–A miraculous incident in the first half doesn’t serve any purpose later on.

–The target audience of the book is youngsters. But some of the teachings would be completely unacceptable to people of today’s era.

–There are noticeable editing issues. There is no space in between a lot of sentences.

Overall: Hidden Road To Lifemanship is a one-time read.


Pages: 245

Publishers: Leadstart Publishing

Price: Rs 250

Rating: * * *

Review by: Keyur Seta

Book Review: Bhakti Sans Religion

Author: Mallikarjun B. Mulimani

Publisher: Leadstart Publishing

Price: Rs 150

Pages: 138

Rating: * * * ½

Review By: Keyur Seta

Is money enough to guarantee contentment? Can you achieve peace without faith and love? Is it necessary to have a religious tag to attain spiritual enlightenment? How important it is to forgive ourselves?

Author Mallikarjun B. Mulimani has explored these questions in his spiritual novel, Bhakti Sans Religion. The book is more like a pleasing ride that enlightens and overwhelms you and at the same time, keeps you engaged.

It tells the fictional tale of two individuals from diverse parts of the world. Hailing from the US, Christine is a lawyer who is deeply in love with her profession. Her super successful stint in the legal world is dream-like. But deep inside there’s a void that needs to be filled.

Picture: Leadstart official website

Rudra’s rise from extreme poverty to the high ranks of corporate world is almost miraculous. But his life is far from perfect. Destiny brings Christine and Rudra together. Will they find answers to the serious questions lurking in their minds?

The title of the book, Bhakti Sans Religion, sounds too philosophical. That is not quite the case with the content though. Of course, there is enlightenment and the exploration of a lot of deep questions. The manner in which faith and love is created in two individuals is convincing. People from urban areas who are only involved in work would surely be able to relate with the tale.

But the book can also be enjoyed by those interested in fiction and are not much into spirituality. The fast pace and the very short length makes it appealing to a larger audience. Although the character of guruji is that of a spiritual preacher, he is entertaining. What’s also pleasantly surprising is the romantic angle, which is truly heartwarming.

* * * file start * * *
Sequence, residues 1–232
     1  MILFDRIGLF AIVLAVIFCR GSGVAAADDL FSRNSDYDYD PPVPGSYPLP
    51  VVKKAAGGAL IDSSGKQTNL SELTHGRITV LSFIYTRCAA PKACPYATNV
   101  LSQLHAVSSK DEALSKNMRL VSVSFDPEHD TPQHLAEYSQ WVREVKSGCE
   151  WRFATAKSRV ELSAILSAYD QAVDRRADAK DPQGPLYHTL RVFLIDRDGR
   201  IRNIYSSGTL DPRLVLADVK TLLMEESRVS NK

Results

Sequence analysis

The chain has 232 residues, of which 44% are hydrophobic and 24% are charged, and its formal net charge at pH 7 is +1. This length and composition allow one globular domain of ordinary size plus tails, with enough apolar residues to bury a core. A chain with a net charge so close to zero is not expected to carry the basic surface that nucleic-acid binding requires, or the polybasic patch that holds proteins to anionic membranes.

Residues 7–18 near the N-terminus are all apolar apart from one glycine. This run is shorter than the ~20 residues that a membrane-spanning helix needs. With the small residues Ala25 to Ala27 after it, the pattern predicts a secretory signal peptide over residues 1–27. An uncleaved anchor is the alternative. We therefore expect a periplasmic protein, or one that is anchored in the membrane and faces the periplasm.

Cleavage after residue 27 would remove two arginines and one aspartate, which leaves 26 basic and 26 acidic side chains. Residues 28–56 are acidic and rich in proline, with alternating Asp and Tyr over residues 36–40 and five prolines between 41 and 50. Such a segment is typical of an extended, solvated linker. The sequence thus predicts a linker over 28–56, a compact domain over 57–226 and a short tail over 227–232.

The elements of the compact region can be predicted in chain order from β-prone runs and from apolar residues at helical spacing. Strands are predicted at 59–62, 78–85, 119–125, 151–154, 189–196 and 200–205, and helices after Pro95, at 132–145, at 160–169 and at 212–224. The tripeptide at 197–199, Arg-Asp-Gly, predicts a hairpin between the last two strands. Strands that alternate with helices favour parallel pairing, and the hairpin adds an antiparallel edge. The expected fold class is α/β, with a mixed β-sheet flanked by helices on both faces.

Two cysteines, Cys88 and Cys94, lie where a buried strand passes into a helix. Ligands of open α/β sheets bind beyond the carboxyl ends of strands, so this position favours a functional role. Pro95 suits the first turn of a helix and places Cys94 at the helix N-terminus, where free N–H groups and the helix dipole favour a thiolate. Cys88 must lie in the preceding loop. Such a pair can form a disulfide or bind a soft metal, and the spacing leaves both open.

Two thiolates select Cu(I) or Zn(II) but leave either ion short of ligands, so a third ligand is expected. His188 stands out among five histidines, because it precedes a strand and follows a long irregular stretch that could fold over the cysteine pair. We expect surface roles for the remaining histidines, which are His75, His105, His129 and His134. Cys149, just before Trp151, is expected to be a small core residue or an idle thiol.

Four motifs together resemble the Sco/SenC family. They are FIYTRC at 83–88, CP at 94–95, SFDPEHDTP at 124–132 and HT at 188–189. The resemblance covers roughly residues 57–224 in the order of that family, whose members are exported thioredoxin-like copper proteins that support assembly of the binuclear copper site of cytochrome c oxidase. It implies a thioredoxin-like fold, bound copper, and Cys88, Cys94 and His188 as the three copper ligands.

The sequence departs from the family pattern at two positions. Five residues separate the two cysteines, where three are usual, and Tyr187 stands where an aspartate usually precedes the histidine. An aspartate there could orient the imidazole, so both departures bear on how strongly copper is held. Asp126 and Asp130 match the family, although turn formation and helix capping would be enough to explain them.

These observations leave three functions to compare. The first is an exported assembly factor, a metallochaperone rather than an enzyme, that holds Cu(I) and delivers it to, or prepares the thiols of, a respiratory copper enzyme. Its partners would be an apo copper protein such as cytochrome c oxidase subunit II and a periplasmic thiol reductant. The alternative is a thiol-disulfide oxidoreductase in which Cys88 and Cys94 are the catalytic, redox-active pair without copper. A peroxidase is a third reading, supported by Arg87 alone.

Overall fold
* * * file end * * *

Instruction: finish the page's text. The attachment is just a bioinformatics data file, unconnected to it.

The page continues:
However, the following points fall in the negative zone:-

– The story of Christine in the first 38 pages is narrated too hurriedly. The author should have been more elaborate during the important life events of the character. Also, in these portions the writing is too simplistic at times.

– It’s good to have shorter books in today’s era. But this one should have been at least a bit lengthier. Elaborating Christine’s story would have helped in this aspect too.

– There is slight lack of conviction on a couple of occasions (can’t reveal much to avoid spoiler).

Overall: Bhakti Sans Religion has its heart at the right place. It’s an honest, well-intentioned saga that is enlightening and heartwarming.

Short Story: What is the true meaning of worshiping God?

By: Keyur Seta

People worship various Gods in various ways. There are innumerable theories and beliefs as to how to worship God and what pleases him/her the most. Some go through various austerities while others believe in saying a silent prayer for few seconds. But what exactly is the meaning of true worship? What pleases God the most?

Have a look at the following two scenarios and decide for yourself:-


Mr X is a super-rich industrialist, living in the plush Cuffe Parade locality of south Mumbai. His family, which consists of his wife, two kids and mother, has access to all the luxuries one could imagine. His kids go to the most expensive school in the city. Buying new clothes, gadgets, accessories and what not is a continuous process for them. His family just needs a reason to throw parties that cost lakhs of rupees.

Mr X’s family is also very religious. They have a chamber in their apartment where they perform religious activities twice daily, without fail. His family religiously follows and celebrates all holy days and festivals as per the religious calendar. They are also seen embarking to holy places at least 4-5 times each year. Needless to say, they spend a bomb in religious activities too.


Swami-VivekanandaLiving in the Girgaum area of south Mumbai, Mr Y hails from a simple middle-class family. He is a bank executive in a bank while his wife works with an insurance company. Naturally, their income falls in the average category. Their only child goes to a normal private school. Although Mr and Mrs Y believe in God, they aren’t ritualistic. They hardly visit places of worship and never go for holy trips.

Despite the fact that they don’t earn handsomely, the couple has been saving money since a year to contribute to the needy farmers of the Marathwada district, who are committing suicide due to drought and debt. They also involve themselves in various social issues selflessly whenever they get a chance.

So, the question arises as to who exactly is worshiping God here? Family X or family Y?

You decide.

Actors Nana Patekar and Makarand Anaspure have been selflessly working towards the cause of farmers of Maharashtra. They have been contributing from their own pocketss despite not being rich. They have started an NGO called NAM Foundation.

You can contribute any amount that suits you by following the following method:-

Send in your amount to “NAM Foundation”

SBI Current account no. 35226127148